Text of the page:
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    « Stringing pearls... | Principale | Touched by angels. »

    mercoledì 12 novembre 2008

    Commenti

    Amy Wing

    Wow, Chel! You did an excellent job of describing this syndrome - I hope it will help people understand. I'm a physician assistant for my "day job," and I work with mentally ill people. We actually are on the lookout for all kinds of twitchy restless behaviors in our patients because they can signal side effects of antipsychotic medications. Now, I'm not up on all the current research or treatment of RLS, but I can tell you that most antipsychotic medications increase dopamine (schizophrenics tend to have too little dopamine), while anti-Parkinson's medications decrease dopamine (Parkinson's Disease involves too MUCH dopamine). Sometimes, the antipsychotic medication can tip the balance a little too much toward the "Parkinson's" side of the equation, and get side effects we call EPS (extrapyramidal symptoms ). I won't get into why we call it that - it's all tied up in neuroanatomy and usually not at all interesting to laypeople (or even professionals, necessarily). Anyway, EPS involves symptoms like uncontrollable need to move or pace, muscle twitches, facial tics, strange muscular positions, shaking or tremoring, and at worst even stuff like the patients smacking their lips or shooting their tongues out repeatedly (yes, it looks silly).

    Sounds like a tangent, I know - but the way we treat these side effects (if we can't lower the antipsychotic medication, of course) is with medication that helps bring the dopamine back into balance.

    Does there seem to be any connection between EPS and RLS to you? I think it's obvious there is a dopamine connection there somewhere. Our bodies are finely tuned machines, and some of us are more sensitive to some things, some of us are more inclined to some things, and some of us have brains and other body parts that function differently than others. It's easy to point and laugh at someone who has a condition you don't understand, to minimize it as unimportant or not-possibly-real. Your explanation goes a long way towards educating people that there are things of which they (thankfully) know nothing about, and hopefully it will help remind us not to judge others until we have a bit more information.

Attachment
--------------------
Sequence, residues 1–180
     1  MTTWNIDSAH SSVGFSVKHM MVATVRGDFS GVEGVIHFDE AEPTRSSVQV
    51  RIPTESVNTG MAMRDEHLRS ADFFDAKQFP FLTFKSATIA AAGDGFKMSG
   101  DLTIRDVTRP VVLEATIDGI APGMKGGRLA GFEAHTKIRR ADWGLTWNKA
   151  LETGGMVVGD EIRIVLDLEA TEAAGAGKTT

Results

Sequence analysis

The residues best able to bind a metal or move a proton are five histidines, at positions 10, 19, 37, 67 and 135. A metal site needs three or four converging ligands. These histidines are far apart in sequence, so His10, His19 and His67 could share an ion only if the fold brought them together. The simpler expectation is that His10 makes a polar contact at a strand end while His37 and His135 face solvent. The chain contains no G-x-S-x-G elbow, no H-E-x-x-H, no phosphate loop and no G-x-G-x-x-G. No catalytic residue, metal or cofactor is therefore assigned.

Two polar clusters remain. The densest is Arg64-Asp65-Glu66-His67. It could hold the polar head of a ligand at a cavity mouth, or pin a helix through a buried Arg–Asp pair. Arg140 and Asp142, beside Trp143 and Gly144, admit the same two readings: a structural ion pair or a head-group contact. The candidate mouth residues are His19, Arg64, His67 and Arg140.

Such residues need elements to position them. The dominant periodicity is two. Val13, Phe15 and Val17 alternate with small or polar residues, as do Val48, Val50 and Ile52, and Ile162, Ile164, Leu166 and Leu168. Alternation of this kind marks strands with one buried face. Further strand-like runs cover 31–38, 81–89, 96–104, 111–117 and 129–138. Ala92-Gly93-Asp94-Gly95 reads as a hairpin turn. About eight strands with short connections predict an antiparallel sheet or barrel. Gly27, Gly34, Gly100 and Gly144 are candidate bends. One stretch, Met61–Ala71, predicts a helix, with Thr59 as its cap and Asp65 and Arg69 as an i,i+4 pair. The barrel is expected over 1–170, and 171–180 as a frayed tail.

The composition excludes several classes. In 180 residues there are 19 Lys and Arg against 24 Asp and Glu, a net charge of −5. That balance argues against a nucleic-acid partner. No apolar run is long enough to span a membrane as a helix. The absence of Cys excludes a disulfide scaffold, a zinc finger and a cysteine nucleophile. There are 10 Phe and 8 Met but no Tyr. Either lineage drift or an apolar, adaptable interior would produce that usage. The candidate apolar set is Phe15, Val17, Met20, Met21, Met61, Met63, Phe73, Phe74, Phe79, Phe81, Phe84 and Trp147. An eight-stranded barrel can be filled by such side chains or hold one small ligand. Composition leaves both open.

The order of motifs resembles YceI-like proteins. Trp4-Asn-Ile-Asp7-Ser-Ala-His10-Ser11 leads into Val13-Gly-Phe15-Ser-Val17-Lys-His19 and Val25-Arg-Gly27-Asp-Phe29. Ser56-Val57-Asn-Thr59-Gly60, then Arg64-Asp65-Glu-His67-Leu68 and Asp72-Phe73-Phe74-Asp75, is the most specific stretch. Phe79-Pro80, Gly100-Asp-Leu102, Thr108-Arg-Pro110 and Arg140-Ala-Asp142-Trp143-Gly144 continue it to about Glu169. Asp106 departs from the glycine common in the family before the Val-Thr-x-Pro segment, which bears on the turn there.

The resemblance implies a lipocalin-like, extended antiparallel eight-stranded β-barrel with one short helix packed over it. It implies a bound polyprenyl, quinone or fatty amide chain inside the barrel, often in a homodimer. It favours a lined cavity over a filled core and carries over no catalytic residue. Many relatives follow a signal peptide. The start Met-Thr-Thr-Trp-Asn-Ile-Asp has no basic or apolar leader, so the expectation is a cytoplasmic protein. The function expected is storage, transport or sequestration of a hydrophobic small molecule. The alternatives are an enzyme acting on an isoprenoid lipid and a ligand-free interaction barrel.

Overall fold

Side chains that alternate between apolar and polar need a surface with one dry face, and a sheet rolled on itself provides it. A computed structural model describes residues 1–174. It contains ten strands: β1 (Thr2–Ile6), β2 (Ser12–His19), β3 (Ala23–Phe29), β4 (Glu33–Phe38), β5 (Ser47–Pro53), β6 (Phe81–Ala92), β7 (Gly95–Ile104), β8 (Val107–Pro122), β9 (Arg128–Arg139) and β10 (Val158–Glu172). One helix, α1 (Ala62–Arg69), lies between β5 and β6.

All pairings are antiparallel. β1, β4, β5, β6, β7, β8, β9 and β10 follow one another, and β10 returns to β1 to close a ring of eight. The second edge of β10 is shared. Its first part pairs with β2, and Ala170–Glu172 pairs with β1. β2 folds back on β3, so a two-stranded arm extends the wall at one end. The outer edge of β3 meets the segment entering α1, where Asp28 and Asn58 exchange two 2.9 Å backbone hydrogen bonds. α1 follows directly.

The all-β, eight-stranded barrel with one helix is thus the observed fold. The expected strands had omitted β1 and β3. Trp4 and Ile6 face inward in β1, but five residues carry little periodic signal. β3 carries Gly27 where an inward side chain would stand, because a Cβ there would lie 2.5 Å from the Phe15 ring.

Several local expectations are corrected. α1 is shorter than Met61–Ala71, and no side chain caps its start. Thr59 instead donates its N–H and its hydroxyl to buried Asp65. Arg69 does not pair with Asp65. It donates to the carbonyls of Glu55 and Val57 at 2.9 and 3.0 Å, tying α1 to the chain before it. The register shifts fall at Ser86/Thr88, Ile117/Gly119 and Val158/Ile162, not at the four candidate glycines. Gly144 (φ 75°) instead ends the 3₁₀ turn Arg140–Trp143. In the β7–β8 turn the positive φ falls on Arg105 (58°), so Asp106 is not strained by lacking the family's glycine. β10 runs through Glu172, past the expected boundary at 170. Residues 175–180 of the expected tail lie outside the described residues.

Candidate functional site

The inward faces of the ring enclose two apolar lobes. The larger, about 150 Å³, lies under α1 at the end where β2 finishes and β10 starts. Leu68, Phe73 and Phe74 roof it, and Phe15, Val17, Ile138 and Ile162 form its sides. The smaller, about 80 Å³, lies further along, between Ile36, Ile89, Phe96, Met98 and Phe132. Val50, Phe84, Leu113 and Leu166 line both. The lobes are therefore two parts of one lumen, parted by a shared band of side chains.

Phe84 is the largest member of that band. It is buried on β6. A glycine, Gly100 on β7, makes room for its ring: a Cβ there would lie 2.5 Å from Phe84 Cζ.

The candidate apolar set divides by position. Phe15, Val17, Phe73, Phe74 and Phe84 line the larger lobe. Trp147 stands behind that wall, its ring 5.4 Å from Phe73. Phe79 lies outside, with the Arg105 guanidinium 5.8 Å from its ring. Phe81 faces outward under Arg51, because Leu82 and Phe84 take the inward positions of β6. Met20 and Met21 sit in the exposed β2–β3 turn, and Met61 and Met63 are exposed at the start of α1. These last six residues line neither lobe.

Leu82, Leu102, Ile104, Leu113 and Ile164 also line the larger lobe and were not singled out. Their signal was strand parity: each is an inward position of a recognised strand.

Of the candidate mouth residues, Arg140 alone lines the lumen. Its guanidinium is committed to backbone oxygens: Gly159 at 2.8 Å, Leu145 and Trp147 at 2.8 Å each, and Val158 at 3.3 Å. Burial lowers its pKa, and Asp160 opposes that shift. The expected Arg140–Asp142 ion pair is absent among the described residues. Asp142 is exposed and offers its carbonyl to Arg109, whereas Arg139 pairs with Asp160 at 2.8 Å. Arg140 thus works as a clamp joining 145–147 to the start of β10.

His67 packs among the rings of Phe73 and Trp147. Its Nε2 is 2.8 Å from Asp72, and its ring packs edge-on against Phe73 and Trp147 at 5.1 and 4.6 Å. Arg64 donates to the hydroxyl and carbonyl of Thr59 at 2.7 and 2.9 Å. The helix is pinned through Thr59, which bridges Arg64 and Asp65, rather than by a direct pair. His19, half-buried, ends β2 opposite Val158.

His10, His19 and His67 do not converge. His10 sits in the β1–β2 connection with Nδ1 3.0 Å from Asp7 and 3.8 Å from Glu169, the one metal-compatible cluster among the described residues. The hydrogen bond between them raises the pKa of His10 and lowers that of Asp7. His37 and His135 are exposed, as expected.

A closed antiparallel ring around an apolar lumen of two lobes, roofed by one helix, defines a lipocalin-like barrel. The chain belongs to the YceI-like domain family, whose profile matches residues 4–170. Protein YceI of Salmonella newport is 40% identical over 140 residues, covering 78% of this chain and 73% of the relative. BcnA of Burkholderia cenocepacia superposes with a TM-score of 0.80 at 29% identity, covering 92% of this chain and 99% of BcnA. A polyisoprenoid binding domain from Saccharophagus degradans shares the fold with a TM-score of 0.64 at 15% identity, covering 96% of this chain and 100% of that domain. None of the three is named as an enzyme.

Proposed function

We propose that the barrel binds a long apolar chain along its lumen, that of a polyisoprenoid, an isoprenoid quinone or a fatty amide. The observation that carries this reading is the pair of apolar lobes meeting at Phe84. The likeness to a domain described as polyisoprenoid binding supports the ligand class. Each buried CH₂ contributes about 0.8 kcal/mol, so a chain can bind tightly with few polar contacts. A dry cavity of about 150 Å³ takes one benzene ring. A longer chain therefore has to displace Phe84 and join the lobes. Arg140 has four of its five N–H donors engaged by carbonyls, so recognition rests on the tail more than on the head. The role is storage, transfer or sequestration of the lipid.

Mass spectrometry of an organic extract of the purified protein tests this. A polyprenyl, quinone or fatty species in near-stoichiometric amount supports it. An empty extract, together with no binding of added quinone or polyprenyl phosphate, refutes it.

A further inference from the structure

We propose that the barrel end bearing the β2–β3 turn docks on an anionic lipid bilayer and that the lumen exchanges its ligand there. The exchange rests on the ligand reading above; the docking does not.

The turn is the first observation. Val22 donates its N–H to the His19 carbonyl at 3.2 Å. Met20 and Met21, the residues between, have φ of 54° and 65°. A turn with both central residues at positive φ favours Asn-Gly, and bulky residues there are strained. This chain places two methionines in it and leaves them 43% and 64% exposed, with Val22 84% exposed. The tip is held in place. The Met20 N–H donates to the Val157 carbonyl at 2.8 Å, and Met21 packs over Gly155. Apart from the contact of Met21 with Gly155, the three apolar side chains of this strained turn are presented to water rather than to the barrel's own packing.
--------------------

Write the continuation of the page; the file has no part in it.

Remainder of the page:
You know, on a more entertaining note, this post and my response remind me of a short film written and produced by my good friend Anne Continelli called "Big Talking Heads." You gotta check this out: http://www.youtube.com/watch?v=DH5iFZXsPqI&feature=channel

    It's only 7.5 minutes long, and it's totally hilarious! Of course, this has nothing to do with you or RLS. :D

    Donna Cook

    hmmmmm....I keep thinking of many illnesses that "other folks" think are our imagination, it is nice to have validation. I am glad that someone found benefit from the pharmacutical advertising. When they started to market prozac as "sarafem" for premenstrual symptoms, I asked my doctor about it. ( i was already taking prozac, and didn't know that sarafem" was prozac, and they didn't tell you that in the ad) She had internet access, and we looked it up and low and behold, it was prozac, with a new name for a new market, which is cool. but I was really depressed...lol..I already was...but anyway. We then decided I should try hormone replacement therapy, which was WONDERFUL! but then they decided that would kill you, so I stopped it...cold turkey, really dumb, but as time passes the hormones start to balance out on their own, which is great if you don't kill someone in the meantime (lol) I survived and so did everyone else. but I'm always reading those silly magazine articles about some strange syndrome, and then self diagnois. I try to see if symptoms subside before I call the doctor....lol.....

    but seriously, that is exactly why the pharmacuticals advertise. sure, they want to make money, but it's also about informing consumers, and there are lots of folks out there that think they just have to put up with stuff, and sometimes you don't. I'm glad you have found some relief. I always love reading your blog!

    Glenda-TwoCoolTexans

    Chel, I am so sorry to hear about your Restless Leg problem. I had symptoms for years and yes, I do understand that you have to just get up and walk the floor until you get so exhausted that you can just fall back to sleep for a while. And, no, advil, etc. does no good. But, I was reading somewhere one day that it could be a symptom of a magnesium deficiency. So, I started taking High Potency Magnesium supplements every day and when I take them, I have zero issues. Sometimes I forget and bam, well, it's there again. Just try it Chel. It's not a drug, it can't hurt you and who knows.

    Chelise

    Thanks for the thoughtful remarks, everyone!

    I know I've heard that there is a magnesium / leg cramp correlation. I haven't tried it Glenda, but you make a good case for giving it a go.

    : D

    xoxo - Chel

    kecia

    well, first of all, i am so sorry to hear about your suffering in silence with your illness for so long. i think now that you have talked about it, you will find many more people (online) who has it or know someone who has it. i didn't realize that there were jokes being made about it on TV and i agree that only adds to the embarrassment. i see nothing funny in the suffering of others. how happy i am to hear that you are finding relief with your medication; congrats to you!

    trace minerals

    Any person experience their sufferings in life sometimes more of a disaster. But i always believe that every step we make is a lesson to learn.

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